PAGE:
Thursday, June 04, 2009

Whitsun 2009 - Monday Morning

My darling OC was right - Giovanni Paisiello is an absolute genius! And that was more than apparent on Monday morning's final concert at the Felsenreitschule. His Missa Defuctorum has a career almost as varied as that of its composer. It was originally written for a performance in memory of members of the Bourbon royal family who had died during the smallpox epidemic that devastated Napoli in 1789. Ten years later, for the funeral of the exiled Pope Pius VI, it was expanded to include new choral work and a Funeral March written at the request of Napoleon earlier that year. This unlikely history has led to it being referred to as "a unique mixture of obsequiousness to the Jacobines and homage to a Pope." It was this 1799 version that Riccardo Muti choose to end this year's Whitsun Festival.
Riccardo Muti conducts the Orchestra Giovanile Luigi Cherubini, La Stagione Armonica and soloists in Paisiello's Missa Defunctorum.

It is a Mass in the grand style - Muti led four soloists, a double choir of 60 voices with choir soloists, two brass choirs and an expanded Orchestra Giovanile Luigi Cherubini. The sound in the Felsenreitschule was remarkable and placement gave the impression of the Mass being sung in a great cathedral.

Pride of performance has to go to La Stagione Armonica under Sergio Balestracci. This remarkable group of singers soared to the heavens one minute and sang in hushed wonder the next. The dynamics of their performance were exceptional as was the work of the soloists from within their ranks. The four major soloists - Beatriz Diaz, Anna Malavasi, Juan Francisco Gatell and Nahuel Di Pierro - made exciting work of the great Dies Irae sequentia. The center piece of the work, it is a remarkable piece of music. Less dramatic than many other settings it has a lyrical almost sorrowful approach to the Day of Wrath - it lacks the power of the great settings but still has considerable emotional depth.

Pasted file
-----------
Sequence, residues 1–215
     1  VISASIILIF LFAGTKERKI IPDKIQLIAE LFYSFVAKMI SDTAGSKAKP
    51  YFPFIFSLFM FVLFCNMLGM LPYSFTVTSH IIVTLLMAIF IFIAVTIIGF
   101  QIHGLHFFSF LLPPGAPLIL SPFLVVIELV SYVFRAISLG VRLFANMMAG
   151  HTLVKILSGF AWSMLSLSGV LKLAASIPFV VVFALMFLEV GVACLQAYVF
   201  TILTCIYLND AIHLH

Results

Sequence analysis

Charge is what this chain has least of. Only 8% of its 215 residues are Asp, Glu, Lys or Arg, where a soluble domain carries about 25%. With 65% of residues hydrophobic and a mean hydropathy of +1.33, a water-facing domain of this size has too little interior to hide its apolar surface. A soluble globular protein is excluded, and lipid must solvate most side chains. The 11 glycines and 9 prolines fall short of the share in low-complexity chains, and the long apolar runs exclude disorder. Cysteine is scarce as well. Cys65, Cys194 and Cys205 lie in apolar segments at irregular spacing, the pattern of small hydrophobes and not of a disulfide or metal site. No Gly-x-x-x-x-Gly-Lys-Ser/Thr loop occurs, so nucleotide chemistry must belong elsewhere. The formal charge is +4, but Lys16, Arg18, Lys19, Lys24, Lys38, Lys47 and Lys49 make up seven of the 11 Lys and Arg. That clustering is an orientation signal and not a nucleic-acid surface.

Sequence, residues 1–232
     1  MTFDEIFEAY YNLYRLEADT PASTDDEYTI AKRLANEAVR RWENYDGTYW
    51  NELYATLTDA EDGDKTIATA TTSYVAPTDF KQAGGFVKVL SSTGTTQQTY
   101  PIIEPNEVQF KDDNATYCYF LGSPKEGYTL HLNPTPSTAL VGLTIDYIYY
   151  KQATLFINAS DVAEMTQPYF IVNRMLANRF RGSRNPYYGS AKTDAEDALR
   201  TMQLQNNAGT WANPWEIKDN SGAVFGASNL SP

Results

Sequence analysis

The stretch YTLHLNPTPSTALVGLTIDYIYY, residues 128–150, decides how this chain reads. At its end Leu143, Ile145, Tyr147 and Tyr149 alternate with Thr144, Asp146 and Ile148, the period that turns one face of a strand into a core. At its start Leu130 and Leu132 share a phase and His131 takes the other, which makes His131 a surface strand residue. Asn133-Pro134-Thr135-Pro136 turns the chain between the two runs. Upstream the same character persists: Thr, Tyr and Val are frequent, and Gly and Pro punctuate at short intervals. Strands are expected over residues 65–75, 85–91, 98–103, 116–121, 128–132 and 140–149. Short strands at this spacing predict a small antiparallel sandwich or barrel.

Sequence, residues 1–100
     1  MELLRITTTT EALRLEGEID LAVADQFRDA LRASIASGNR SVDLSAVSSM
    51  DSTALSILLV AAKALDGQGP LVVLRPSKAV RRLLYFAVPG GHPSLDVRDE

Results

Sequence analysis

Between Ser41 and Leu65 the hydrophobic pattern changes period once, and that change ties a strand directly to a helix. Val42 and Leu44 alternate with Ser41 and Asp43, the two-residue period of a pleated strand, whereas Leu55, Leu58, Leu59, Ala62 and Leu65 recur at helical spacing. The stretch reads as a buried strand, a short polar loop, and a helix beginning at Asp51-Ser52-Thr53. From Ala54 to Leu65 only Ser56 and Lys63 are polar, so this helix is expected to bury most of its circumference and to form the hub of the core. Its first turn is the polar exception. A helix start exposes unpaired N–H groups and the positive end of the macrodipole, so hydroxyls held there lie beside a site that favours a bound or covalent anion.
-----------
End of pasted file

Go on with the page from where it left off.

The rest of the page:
Again this year from our vantage point we could observe Muti at close quarters. It sounds hackneyed but he seems to have an almost sorcerer's control over his performers. Not a movement is wasted - no dancing, bobbing and weaving - and with his left hand he seems almost to pluck the sounds of out the air. And his forces responded to every nuance and details he wanted from this work. As I said this is not one of the great settings of the Mass for the Dead but it is one that when it is directed with such authority and affection demands to be heard.

I have mentioned in all the previous reviews the audience response and this time I was able to capture some of it on video however have not been able to transfer it. So lets just say that the applause was prolonged and heartfelt.

Again, a brilliant conclusion to a festival that this year only seemed to get better with each passing day.

Photographs by Sylvia Lelli - from Salzburg Festival Webside.

04 giugno - San Francesco Caracciolo

3 comments:

Sling said...

'It sounds hackneyed but he seems to have an almost sorcerer's control over his performers. Not a movement is wasted - no dancing, bobbing and weaving - and with his left hand he seems almost to pluck the sounds of out the air. And his forces responded to every nuance and details he wanted from this work'...
Now I can hear it in my head,and it sounds glorious!

yellowdog granny said...

i bet there isn't one jukebox in the entire town.

Anonymous said...

In the audio portal of Salzburg Festival site about Whitsun there is a very interesting interview in which Muti speaks in English for more than an hour. I wish it were in their video portal instead, but even so it is worth listening to him!
Thank you Willym for reporting your impressions from the performance.
Maria,
Athens.